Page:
Other memorable achievements include gaining Renaissance and Arts Council NPO (National Portfolio) £225,000 annual funding which has helped finance exhibitions and creative events at the Harris. She is also proud to have had a role in ensuring the Harris has showcased many award-winning contemporary art commissions and exhibitions, as well as developing what she describes as “life-changing community work for local people”.

Hilary said: “It has also been a joy to work with the Friends of the Harris, trustees and members, hundreds of other local people and organisations, and to develop and lead fundraising campaigns for major acquisitions for the collection, like Portrait of Richard Arkwright, and many more modest projects.”

She developed the online presence of the Friends of the Harris charity and delighted in getting to to know the many supporters and visitors who love the Harris.

Stressing the investment for the #HarrisYourPlace capital project is urgently needed. she said: “We spend an awful lot of time hiding the parts of the Harris that are in a really poor condition so people don’t see them. We’ve got a 128 year old building and the roof is failing and the stonework is failing, the basement is failing. If we don’t do this work to conserve the building there won’t be a Harris...We’re not damaging the building we’re essentially making a much better building.”

Observing too that the visitors needs and expectations in 1890 were different from those of a 21st century visitor she notes the Harris has always been at the forefront of the art world, forever embracing change. She said: “We‘ve been showing contemporary art since 1893. We’re showing now works that are cutting edge in contemporary art and we were showing it (contemporary art) in 1890.”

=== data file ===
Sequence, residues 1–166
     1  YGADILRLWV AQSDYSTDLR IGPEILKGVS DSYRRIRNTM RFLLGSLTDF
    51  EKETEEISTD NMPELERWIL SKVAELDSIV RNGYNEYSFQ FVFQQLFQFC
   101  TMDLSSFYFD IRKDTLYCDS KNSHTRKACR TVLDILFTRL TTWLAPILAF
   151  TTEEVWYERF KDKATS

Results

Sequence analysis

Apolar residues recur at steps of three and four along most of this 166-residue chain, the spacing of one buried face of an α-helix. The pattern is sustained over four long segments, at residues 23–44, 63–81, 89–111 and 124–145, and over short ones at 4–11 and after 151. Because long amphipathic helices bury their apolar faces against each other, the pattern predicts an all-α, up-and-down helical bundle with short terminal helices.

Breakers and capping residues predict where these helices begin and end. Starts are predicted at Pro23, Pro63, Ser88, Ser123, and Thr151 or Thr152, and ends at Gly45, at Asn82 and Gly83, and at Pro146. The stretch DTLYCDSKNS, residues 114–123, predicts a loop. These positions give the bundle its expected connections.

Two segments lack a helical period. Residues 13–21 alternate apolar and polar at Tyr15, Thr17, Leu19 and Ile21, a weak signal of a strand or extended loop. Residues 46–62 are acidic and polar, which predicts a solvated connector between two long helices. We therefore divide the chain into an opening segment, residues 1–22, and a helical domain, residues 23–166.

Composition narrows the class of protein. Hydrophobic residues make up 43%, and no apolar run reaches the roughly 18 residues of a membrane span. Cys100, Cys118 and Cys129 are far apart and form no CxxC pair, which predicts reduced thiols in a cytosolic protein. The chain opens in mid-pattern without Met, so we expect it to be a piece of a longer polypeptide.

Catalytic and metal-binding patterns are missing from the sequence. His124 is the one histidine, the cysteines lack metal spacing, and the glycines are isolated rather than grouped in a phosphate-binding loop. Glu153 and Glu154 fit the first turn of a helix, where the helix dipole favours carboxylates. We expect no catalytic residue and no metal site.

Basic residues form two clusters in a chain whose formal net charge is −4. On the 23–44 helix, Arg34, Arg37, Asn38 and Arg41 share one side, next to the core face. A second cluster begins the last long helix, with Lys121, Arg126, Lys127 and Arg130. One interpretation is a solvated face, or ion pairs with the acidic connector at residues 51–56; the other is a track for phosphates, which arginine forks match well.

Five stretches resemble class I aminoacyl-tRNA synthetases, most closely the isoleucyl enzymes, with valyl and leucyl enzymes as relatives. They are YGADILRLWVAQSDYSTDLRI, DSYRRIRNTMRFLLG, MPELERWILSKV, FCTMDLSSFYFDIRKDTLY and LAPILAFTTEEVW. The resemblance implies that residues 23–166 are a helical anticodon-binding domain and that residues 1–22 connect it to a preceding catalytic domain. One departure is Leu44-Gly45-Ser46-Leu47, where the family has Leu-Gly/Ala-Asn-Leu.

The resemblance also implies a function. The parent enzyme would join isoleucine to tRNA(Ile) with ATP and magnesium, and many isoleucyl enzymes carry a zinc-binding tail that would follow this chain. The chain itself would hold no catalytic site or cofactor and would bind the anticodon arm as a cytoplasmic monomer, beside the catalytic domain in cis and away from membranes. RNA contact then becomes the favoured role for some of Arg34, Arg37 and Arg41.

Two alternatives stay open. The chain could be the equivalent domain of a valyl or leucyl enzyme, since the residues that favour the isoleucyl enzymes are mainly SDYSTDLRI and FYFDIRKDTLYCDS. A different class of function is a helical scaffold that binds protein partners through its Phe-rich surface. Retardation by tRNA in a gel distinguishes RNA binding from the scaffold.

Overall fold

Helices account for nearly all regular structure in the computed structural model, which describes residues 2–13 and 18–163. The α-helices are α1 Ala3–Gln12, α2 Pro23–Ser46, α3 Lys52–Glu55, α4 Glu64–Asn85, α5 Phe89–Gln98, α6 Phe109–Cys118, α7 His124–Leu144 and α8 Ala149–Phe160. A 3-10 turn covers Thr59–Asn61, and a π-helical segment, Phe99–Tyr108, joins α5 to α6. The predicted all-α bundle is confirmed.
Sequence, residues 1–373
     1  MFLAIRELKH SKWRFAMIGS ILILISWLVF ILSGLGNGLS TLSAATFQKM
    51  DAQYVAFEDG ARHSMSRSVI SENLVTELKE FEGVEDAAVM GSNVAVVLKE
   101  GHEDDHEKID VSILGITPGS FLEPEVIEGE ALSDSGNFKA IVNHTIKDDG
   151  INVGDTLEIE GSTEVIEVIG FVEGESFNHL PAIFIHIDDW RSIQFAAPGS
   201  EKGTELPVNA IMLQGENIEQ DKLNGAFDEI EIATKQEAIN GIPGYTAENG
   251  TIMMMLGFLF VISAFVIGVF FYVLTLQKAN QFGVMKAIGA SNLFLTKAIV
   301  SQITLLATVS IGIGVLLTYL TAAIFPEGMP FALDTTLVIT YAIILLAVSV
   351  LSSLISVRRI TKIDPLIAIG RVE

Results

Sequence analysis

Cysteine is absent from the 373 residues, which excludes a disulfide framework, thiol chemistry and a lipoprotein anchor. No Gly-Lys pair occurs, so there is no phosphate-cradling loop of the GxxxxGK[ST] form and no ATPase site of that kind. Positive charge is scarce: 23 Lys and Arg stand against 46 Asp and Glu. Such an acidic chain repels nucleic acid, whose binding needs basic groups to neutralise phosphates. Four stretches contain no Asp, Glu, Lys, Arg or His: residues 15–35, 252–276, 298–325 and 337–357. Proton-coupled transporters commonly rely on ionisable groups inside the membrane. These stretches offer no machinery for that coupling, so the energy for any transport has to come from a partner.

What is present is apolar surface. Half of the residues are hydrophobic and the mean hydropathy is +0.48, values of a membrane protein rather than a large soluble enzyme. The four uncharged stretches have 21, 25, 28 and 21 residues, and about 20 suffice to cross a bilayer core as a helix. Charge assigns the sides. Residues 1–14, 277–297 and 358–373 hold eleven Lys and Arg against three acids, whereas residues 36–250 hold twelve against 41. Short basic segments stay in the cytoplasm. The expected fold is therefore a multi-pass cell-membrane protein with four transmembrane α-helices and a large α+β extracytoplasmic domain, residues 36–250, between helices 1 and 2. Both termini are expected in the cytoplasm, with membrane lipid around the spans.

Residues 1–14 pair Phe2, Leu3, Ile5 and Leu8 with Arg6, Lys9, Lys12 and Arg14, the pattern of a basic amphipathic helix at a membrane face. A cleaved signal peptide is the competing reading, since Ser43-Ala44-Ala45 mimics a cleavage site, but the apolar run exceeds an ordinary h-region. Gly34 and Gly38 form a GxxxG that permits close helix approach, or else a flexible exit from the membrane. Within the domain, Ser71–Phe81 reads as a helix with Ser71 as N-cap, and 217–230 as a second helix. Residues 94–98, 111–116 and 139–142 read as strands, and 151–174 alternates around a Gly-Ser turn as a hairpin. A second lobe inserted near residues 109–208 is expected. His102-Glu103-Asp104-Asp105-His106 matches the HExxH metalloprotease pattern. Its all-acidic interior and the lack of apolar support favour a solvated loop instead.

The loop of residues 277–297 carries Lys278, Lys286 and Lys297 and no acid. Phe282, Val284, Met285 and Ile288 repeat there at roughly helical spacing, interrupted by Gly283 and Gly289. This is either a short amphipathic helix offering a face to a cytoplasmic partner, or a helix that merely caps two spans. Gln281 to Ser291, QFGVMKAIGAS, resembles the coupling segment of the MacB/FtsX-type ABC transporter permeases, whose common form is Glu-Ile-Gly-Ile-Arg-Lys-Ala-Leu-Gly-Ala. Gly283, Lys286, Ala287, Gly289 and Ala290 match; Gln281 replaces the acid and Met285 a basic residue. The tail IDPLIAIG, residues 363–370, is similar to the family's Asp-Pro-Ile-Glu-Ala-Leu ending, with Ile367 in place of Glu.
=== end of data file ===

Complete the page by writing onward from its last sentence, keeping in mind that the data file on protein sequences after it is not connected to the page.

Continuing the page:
She warms to her theme about the city’s pioneering role, citing 18th century Prestonian and spinning frame inventor Sir Richard Arkwright and his part in the industrial revolution and subsequent globalisation and declares: “Preston really has changed the world.”

Hilary pictured in 2012 in front of the portrait of Sir Richard Arkwright

Of the portrait of Arkwright by Joseph Wright of Derby she lists it as one of her favourite items in the Harris. It was purchased by the Harris and National Portrait Gallery in part with support from the National Heritage Memorial Fund. She said: “We have a collection of 18th century portraiture at the Harris. It could have gone to a private bidder. We raised it all through grants. It didn’t cost Preston’s Harris a penny.”

Another favourite painting is the Man in The Moon Inn by Anthony Devis. She said: “It’s in our fine art gallery. It’s a purely fictional piece, two gentlemen have clearly had too much to drink. There’s something about it always makes me laugh and his family were Preston painters.”

Her previous roles included being Interim Harris Manager 2015 -18 and Business Development and Fundraising Manager from 2008 - 2015.

Looking back she reflects there have been numerous stand out and memorable moments in her career including the Quentin Blake exhibition, TV coverage of the Harris by broadcaster Tony Wilson, the support of antiques expert Eric Knowles, especially for the YourPlace fundraising and similar support from Preston’s own Turner prizewinning UCLan Professor Lubaina Himid, who has also exhibited her work at the Harris.

Hilary is enthusiastic too about the many talented artists working or whose work has appeared in the city. including Rebecca Chesney, Magda Dhaka Becan. Matt Birchall, Gary Cook and Gavin Renshaw.

She said: “I’m interested in working with other arts organisations I think there’s quite a lot of scope and certainly at the moment fundraising seems to be in demand.

"I’ve really spent 10 years working on #HarrisYourPlace. I’ve raised the money so we can go ahead with that. I’ve been able to do lots of things like develop our Friends organisations but it’s nice to hand it on to someone else for the delivery of #HarrisYourPlace. It’ll be four to five years before it comes to fruition and it would mean me actually being here 30 years. Now it’s time for me to move on.”